Brexit: As UK walks alone, India shrugs off impact

By: | Updated: June 25, 2016 8:34 AM

The UK’s resolve to walk alone could have a “minimal” short-term impact on India's real economy while policy action would promptly tame temporary market volatility...

Arvind Subramanian, indian economy, Chinese economy, china economy, economic activity, Chief Economic AdvisorChief economic adviser Arvind Subramanian said he saw “silver lining” of a decline in oil prices and likelihood of a rate hike delay by the US Federal Reserve due to the UK vote. (PTI)

The UK’s resolve to walk alone could have a “minimal” short-term impact on India’s real economy while policy action would promptly tame temporary market volatility, top policymakers said, adding that once the immediate turbulence is over, investors would doubtless find India attractive. To validate their stance, they cited the country’s strong economic fundamentals, “rock-solid” commitment to fiscal discipline and “steadfast pursuit of an ambitious reforms agenda”.

Economists said India, as a net importer of oil and other commodities, would benefit from the downward pressure on their prices and predicted that in the medium-term the positives from Brexit for India would outweigh the negatives. Exporters, on their part, did not raise any alarm but remained watchful about of how the currencies of India’s competitors — especially Chinese yuan and the euro — move. While IT companies apprehend short-term pains from volatile currencies, the jury was out on how the UK’s breaking away from the EU would impact India’s overall services exports in the medium term.

Chief economic adviser Arvind Subramanian said he saw “silver lining” of a decline in oil prices and likelihood of a rate hike delay by the US Federal Reserve due to the UK vote.

Also Read: How Brexit pushed fund managers into corner, cost India $92 mn

Though the UK is one of India’s major trading partners with which it enjoys a trade surplus and its third largest source of FDI, the island nation’s relative shares have been on the decline in recent years.

The overall adverse impact on global growth could reflect on India’s goods and services exports but as far as the trade with the UK is concerned, much could depend on the outcome of its negotiations with EU (likely in 2018) regarding the tariffs on goods and movement of persons, most observers felt.

“If Britain gets the same treatment in terms of free tariff and free movement of persons, not much will change for India. However, if Britain gets the treatment as applicable to a non-member country, it may lead to a positive impact on India’s exports to EU as well as to Britain,” said SC Ralhan, president, Federation of Indian Export Organisations.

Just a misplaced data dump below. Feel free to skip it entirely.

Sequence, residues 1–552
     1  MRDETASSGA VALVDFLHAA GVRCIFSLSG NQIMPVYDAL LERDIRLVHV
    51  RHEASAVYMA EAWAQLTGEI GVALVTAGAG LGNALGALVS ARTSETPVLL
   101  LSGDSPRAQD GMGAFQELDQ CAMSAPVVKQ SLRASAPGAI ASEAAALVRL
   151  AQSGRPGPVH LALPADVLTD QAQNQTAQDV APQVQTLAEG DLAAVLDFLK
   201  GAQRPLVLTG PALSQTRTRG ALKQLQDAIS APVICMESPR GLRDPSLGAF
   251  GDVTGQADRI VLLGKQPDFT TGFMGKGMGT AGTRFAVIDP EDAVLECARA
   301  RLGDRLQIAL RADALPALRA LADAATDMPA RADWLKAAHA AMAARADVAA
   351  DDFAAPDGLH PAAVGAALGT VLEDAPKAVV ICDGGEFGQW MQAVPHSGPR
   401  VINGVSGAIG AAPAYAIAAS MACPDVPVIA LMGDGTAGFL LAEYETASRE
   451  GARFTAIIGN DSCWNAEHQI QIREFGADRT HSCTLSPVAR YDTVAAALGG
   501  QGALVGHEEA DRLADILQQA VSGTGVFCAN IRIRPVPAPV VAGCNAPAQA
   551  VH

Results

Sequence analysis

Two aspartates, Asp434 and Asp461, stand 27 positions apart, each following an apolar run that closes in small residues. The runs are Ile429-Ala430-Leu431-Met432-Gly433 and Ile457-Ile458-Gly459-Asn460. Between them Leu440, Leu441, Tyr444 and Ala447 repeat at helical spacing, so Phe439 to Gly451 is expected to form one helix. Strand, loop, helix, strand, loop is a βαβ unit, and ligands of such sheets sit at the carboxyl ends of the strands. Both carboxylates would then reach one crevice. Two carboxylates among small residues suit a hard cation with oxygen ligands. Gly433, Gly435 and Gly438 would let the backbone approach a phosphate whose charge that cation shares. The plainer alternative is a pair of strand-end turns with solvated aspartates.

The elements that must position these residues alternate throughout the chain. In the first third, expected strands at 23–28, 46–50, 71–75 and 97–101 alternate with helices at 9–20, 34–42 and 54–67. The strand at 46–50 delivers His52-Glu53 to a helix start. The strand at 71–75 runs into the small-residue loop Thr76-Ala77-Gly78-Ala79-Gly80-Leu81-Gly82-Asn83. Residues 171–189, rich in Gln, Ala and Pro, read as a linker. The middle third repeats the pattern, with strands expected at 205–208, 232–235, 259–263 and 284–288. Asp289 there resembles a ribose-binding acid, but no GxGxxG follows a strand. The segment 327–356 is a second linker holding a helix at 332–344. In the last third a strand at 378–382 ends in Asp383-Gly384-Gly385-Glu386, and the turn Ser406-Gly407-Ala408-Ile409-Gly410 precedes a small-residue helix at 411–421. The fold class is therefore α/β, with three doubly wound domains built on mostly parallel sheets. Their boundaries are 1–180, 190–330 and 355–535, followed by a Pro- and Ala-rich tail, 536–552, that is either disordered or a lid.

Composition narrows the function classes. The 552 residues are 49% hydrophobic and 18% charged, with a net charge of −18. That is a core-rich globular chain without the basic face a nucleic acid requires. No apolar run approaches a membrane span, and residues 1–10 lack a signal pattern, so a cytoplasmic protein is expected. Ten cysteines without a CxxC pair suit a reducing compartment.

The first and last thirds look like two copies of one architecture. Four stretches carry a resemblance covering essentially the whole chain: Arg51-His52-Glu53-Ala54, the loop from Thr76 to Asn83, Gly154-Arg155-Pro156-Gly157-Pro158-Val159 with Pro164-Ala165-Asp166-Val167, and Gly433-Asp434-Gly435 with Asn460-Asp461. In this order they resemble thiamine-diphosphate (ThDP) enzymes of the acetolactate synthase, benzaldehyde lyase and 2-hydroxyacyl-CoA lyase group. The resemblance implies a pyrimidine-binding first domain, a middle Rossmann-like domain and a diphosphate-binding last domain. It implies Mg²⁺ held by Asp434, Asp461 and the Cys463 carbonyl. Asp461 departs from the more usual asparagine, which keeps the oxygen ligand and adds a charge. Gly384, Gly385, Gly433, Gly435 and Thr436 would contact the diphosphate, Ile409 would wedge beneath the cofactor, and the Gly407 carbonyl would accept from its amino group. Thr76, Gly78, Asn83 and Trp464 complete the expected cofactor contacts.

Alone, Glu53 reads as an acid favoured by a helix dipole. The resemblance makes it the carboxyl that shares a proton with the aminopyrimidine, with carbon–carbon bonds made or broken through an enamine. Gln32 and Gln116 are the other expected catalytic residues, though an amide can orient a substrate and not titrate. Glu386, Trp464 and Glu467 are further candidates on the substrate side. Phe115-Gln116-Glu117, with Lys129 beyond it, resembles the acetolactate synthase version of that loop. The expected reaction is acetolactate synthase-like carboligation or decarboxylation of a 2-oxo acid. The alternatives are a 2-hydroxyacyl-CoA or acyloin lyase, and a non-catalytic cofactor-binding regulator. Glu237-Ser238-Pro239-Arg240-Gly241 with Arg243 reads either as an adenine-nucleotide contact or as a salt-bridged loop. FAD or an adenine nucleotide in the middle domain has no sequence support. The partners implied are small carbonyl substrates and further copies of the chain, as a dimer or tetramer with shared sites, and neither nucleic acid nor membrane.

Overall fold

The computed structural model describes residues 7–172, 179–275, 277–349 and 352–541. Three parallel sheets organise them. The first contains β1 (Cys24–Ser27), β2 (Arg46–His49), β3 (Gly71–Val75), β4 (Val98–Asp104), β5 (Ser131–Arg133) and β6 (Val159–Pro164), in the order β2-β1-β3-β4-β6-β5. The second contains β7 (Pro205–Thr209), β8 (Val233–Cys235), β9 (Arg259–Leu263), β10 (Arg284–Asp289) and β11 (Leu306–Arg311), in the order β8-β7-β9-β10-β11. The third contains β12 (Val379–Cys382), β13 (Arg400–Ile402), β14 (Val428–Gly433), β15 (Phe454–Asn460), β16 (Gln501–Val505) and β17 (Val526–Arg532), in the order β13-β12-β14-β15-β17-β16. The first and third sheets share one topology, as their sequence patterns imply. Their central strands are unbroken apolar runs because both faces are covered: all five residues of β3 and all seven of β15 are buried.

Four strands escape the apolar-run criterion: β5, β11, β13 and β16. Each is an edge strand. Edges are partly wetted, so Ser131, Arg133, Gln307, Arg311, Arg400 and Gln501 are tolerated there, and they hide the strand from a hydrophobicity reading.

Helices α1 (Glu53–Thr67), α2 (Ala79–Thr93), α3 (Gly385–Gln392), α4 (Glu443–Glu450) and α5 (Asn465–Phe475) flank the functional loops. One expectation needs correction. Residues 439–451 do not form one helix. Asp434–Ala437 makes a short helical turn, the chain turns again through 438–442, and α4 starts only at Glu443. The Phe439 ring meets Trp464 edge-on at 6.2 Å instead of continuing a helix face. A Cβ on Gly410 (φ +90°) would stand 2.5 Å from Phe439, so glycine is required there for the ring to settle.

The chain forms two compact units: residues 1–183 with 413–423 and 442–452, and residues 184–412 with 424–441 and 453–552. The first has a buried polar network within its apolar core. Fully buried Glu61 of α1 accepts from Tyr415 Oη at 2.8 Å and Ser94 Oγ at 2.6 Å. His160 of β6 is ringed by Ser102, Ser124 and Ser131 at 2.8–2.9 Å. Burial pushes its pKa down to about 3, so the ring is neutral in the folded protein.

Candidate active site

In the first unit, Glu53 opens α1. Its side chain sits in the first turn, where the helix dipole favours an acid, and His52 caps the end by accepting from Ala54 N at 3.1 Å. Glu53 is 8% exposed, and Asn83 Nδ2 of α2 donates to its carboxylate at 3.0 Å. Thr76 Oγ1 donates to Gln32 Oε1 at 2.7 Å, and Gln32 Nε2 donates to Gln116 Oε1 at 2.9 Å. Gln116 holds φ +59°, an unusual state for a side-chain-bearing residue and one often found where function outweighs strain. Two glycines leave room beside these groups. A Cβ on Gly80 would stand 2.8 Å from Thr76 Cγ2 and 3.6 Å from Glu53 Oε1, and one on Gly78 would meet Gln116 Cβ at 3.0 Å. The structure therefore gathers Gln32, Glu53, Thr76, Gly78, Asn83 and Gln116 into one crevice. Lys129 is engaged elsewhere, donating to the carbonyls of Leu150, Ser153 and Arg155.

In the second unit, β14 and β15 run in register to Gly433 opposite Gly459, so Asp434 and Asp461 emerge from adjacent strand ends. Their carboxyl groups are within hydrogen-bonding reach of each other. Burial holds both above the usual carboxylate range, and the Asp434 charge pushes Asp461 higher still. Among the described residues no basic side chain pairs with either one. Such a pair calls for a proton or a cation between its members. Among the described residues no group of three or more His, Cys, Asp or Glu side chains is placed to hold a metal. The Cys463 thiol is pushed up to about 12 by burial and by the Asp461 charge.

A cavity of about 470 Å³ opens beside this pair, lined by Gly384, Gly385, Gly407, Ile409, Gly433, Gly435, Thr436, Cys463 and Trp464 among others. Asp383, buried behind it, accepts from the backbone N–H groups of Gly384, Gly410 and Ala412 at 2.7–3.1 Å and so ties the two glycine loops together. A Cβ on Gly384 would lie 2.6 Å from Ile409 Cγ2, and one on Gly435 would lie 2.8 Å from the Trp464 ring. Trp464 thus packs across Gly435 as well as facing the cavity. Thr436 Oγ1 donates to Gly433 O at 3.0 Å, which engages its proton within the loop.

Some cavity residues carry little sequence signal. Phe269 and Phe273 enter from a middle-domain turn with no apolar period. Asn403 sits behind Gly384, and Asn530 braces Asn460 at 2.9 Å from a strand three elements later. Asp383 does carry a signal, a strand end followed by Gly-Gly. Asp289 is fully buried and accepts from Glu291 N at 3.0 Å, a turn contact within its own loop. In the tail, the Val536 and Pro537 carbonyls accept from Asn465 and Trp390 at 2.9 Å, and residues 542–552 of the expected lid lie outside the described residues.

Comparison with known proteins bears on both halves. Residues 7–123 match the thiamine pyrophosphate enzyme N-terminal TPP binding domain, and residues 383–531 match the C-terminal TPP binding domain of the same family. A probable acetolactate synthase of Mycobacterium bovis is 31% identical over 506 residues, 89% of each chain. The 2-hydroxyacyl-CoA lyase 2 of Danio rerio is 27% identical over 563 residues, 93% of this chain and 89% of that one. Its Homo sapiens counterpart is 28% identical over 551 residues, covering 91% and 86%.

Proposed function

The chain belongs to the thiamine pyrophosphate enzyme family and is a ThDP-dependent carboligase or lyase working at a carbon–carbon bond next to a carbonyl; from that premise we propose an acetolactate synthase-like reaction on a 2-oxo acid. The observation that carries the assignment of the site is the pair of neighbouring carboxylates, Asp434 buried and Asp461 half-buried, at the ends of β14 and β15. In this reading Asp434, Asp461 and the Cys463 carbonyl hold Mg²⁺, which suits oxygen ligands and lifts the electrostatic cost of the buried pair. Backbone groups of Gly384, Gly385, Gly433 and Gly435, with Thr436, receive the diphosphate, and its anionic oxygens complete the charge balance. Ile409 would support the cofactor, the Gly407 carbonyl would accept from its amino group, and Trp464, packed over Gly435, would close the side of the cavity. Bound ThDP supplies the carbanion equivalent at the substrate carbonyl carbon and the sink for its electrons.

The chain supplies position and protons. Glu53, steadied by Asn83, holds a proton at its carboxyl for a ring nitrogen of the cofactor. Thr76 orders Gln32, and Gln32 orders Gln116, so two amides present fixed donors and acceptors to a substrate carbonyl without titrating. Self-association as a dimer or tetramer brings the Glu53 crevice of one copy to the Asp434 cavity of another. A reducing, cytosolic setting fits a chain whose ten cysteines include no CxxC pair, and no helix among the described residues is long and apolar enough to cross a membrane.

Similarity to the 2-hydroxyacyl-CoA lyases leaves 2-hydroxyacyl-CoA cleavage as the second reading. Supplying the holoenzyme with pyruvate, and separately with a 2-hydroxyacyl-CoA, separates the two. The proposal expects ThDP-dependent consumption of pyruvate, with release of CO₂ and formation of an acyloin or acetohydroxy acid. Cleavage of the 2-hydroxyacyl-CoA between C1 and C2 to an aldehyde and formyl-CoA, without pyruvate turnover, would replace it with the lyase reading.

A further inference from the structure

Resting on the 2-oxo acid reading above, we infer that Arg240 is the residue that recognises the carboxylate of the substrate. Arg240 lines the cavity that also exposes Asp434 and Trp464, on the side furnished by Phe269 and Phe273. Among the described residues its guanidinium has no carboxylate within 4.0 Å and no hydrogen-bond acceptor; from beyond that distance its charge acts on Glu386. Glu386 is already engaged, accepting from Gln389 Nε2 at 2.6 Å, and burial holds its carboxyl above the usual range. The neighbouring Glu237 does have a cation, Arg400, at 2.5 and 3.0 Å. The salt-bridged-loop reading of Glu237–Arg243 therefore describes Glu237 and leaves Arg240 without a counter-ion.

Subhada Rao, chief economist at Yes Bank, said indirect impact on India through lower global growth could be offset by medium-term gains of enhanced trade with the UK.

Sunil Kumar Sinha, principal economist, India Ratings & Research, however, outlined grim short-term possibilities. “… with risk rising in the global financial markets, foreign capital will flow out putting pressure on the rupee to depreciate and making Indian financial market volatile. A number of Indian corporates having exposure to Europe/UK either through trade or in case their production units are located there would be adversely impacted.”

However, when asked about the Brexit’s impact on capital flows to India, RBI governor Raghuram Rajan said India should not see any major foreign selling given its better fundamentals relative to other economies. He added there would not be outflows as long as the country kept moving forward with reforms like Goods and Services Tax, and international investors remained reassured about the country’s growth prospects.

But some analysts raised concerns about the stability of financial markets. According to Rupa Rege Nitsure, group chief economist at L&T Financial Services, “Financial markets are expected to stay on edge as long as the element of uncertainty continues.” She said there was also some risk of withdrawals by the UK banks from India, which may squeeze financial conditions to some extent.

Finance minister Arun Jaitley said, “All countries around the world will have to brace themselves for a period of possible turbulence while being watchful about, and alert to, the referendum’s medium term impacts…As investors look around the world for safe havens in these turbulent times, India stands out both in terms of stability and of growth.”

Aditi Nayar, senior economist at ICRA, said, “Post-Brexit uncertainty may weigh upon (India’s) merchandise and services exports and delay the concretisation of investment plans, partly moderating the expected benefit of the recent FDI reforms.”

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